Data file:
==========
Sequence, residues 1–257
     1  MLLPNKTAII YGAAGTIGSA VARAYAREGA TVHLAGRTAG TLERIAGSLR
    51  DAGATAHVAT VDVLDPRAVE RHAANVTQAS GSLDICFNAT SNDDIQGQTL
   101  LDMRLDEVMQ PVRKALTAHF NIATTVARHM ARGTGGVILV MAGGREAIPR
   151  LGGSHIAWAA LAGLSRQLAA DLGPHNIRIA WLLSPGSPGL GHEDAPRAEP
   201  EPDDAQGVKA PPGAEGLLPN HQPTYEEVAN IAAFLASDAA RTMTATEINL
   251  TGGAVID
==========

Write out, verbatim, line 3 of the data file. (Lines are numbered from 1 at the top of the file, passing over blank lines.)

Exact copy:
    51  DAGATAHVAT VDVLDPRAVE RHAANVTQAS GSLDICFNAT SNDDIQGQTL